This is such a nice keyboard from the moment you take it out of the box, but we’ll get to that in a moment. The stock cable is nice enough, a soft rubber-coated Type-C cable, and it’s nice and long too, with those custom purple inserts on the header too.
…but it’s not quite as fantastic as this double-sleeved coiled cable.
It looks neon, it’s so vibrant with that blue-over-purple aesthetic, truly a wonder to see in person.
It comes with an XLR breakaway in the middle, which screws into the main cable that goes to your computer. Why? Actually, I don’t really know, but it looks neat.
As you can see, the keyboard looks pretty epic, and the default Cooler Master purple is the stock RGB setting, so it matches up with the cable really nicely too; such a nice attention to detail.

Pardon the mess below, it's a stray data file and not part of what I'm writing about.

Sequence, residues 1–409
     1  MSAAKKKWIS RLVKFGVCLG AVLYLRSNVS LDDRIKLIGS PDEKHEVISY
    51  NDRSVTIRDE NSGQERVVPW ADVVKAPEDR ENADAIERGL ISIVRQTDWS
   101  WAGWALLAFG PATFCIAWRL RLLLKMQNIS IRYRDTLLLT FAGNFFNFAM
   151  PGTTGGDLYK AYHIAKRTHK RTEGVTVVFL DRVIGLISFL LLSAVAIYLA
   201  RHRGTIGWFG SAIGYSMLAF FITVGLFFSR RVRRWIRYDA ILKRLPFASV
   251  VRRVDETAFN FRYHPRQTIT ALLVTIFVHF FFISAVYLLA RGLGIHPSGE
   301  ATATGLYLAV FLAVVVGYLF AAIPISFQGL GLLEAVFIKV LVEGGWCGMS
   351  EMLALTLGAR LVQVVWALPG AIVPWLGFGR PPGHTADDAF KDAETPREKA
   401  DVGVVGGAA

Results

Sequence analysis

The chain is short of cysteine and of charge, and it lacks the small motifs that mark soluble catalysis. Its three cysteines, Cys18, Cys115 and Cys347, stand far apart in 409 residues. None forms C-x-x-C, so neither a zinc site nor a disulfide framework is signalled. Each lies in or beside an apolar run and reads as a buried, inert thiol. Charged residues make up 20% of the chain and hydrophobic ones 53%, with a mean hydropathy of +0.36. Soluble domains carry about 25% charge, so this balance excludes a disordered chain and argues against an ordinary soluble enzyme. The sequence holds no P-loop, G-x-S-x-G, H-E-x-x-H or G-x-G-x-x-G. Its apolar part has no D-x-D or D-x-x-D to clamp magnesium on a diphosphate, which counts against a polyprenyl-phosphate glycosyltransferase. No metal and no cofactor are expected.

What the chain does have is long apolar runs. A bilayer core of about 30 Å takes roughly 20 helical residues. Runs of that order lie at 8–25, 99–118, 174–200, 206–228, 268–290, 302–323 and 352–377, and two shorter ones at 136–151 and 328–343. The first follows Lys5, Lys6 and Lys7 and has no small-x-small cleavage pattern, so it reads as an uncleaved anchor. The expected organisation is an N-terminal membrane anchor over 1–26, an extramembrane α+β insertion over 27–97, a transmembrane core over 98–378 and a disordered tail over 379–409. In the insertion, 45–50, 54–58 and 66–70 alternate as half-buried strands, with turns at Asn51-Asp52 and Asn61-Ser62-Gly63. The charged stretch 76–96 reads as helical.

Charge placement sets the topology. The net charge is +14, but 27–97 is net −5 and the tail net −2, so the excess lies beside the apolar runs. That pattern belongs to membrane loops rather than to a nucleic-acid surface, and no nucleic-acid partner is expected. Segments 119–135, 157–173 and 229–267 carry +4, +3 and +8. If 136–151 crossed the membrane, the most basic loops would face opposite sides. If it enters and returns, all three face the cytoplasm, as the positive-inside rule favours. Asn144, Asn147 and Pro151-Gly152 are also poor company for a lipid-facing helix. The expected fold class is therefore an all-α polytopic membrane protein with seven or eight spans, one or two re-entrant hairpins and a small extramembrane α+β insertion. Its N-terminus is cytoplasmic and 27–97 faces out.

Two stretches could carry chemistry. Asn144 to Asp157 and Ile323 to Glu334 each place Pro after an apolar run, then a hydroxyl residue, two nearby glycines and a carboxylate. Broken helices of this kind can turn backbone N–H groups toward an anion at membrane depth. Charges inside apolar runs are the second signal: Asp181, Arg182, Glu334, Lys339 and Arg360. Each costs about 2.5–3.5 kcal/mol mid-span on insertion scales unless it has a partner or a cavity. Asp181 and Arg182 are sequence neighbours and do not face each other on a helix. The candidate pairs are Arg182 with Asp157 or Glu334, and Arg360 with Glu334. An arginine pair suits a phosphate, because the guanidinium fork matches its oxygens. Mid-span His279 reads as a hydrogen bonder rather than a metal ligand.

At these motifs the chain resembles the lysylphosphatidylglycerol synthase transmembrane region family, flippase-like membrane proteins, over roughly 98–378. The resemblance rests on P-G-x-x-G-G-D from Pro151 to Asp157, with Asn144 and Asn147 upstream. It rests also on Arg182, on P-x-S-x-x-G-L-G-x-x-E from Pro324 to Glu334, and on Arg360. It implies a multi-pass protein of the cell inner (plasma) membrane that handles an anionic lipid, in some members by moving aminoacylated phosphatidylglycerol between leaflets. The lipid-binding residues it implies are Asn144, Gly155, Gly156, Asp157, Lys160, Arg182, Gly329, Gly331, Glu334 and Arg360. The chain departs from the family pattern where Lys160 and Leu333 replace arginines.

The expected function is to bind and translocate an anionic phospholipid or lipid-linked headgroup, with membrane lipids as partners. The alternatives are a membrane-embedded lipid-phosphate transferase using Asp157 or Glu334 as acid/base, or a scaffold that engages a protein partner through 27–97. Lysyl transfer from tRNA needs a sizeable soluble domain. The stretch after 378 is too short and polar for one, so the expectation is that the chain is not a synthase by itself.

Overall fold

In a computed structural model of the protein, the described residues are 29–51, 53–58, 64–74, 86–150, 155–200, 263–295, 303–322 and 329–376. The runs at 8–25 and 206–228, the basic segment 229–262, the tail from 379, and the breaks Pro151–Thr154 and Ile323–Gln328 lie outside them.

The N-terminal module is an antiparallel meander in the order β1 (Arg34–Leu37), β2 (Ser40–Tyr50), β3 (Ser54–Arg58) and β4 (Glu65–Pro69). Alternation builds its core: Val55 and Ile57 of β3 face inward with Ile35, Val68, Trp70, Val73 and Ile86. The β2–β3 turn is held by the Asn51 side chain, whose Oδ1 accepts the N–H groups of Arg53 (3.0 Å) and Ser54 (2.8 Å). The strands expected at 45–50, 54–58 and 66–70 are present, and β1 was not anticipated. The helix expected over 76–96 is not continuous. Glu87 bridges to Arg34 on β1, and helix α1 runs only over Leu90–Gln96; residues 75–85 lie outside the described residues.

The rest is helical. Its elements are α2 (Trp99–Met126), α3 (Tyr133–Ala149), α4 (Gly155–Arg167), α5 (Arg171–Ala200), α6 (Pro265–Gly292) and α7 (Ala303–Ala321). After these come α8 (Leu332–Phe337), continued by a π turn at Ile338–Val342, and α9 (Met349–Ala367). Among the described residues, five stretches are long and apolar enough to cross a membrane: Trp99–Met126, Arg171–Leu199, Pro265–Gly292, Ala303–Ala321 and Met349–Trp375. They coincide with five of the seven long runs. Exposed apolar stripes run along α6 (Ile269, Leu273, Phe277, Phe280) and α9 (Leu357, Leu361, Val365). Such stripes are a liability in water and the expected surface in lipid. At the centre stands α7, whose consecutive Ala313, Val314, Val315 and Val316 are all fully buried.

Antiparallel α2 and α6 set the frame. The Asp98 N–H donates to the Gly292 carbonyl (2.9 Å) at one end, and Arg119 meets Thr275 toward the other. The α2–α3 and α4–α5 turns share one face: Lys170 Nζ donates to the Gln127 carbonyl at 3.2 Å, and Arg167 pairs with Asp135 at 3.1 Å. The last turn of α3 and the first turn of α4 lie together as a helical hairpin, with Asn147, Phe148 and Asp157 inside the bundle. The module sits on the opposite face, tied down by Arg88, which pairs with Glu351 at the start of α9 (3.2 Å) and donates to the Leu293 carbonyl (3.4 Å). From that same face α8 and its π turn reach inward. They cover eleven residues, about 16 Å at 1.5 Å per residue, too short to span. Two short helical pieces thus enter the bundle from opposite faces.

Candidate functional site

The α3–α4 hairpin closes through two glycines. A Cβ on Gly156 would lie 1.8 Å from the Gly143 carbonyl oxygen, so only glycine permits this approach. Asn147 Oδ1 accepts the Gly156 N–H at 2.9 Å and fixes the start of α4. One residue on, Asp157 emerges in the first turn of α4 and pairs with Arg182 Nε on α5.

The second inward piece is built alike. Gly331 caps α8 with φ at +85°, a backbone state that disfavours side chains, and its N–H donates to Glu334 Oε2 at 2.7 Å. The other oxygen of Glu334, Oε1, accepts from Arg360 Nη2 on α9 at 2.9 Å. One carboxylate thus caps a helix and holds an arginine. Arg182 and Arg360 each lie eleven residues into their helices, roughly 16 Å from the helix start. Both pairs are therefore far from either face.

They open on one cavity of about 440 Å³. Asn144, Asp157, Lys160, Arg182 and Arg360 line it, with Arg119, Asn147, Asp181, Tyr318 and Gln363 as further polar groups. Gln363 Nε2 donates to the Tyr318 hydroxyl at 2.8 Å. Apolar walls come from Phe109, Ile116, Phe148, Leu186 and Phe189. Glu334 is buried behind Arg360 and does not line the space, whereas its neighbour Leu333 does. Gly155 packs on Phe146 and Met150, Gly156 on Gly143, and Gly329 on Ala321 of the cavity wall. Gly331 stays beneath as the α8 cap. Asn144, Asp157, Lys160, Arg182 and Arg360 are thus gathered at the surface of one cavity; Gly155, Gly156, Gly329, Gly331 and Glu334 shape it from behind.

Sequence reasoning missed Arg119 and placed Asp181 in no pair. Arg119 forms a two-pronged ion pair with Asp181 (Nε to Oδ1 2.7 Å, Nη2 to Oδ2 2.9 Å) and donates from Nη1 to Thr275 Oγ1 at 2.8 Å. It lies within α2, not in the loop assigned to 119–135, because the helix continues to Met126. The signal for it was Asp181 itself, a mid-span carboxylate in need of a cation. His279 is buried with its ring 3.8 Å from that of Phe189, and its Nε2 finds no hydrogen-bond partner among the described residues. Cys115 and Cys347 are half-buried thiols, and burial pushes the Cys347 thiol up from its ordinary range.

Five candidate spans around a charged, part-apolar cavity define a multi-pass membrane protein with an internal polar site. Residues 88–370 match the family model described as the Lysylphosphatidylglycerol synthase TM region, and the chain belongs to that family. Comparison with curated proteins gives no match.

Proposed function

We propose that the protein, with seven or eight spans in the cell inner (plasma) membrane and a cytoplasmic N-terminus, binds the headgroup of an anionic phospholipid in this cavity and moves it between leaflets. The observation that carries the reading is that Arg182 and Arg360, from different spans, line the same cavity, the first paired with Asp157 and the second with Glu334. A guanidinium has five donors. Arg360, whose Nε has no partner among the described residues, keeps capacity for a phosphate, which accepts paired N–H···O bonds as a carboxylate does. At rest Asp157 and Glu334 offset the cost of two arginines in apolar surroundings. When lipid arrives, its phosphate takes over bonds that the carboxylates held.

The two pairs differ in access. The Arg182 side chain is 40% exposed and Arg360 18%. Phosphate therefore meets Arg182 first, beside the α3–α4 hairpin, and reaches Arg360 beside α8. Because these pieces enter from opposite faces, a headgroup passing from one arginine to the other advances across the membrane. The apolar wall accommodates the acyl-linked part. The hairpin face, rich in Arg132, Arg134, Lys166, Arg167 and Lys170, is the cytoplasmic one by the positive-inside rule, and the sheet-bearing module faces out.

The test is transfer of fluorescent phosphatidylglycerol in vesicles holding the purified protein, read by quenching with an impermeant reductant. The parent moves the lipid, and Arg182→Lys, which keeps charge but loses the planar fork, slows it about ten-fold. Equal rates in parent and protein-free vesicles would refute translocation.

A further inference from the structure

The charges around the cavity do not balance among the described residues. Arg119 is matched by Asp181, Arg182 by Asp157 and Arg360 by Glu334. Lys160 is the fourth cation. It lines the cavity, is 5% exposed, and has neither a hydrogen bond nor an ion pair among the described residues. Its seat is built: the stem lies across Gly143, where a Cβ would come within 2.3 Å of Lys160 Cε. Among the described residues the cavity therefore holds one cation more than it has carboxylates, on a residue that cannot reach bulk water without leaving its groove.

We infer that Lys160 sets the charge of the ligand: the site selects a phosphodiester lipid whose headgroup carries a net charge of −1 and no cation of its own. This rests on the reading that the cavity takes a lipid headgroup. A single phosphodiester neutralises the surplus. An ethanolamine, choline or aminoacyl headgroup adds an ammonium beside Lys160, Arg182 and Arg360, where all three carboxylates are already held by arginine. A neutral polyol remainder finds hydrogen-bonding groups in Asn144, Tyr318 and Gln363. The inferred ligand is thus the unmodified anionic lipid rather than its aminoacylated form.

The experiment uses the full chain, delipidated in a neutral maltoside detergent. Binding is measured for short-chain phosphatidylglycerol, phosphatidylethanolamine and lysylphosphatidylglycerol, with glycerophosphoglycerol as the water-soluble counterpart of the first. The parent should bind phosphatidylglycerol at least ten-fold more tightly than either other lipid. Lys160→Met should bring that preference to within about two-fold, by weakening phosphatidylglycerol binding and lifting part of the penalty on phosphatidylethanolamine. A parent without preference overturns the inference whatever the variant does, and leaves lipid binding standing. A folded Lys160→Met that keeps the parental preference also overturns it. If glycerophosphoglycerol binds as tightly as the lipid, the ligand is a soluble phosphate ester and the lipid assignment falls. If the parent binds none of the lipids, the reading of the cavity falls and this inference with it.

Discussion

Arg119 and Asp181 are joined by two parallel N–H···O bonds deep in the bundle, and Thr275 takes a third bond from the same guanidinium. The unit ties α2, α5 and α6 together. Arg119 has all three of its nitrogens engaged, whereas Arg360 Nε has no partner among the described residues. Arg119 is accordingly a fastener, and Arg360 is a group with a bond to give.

Just to be clear, I have something behind the keyboard holding it up, it doesn’t stand like this on its own. It’s quite a heavy keyboard too, but if you’re a long-time fan of Cooler Master keyboards, you’ll know they’re typically heavier than other brands anyway, and well-known for being somewhat overbuilt.
the CK720 is available in a few configurations, with US, UK or TC layouts, all of which come with a set of high-quality PBT doubleshot keycaps, which won’t suffer the awful shininess that ABS caps suffer from after extended use. The darker version of the keyboard comes with black keys, while the lighter silver version comes with white keycaps.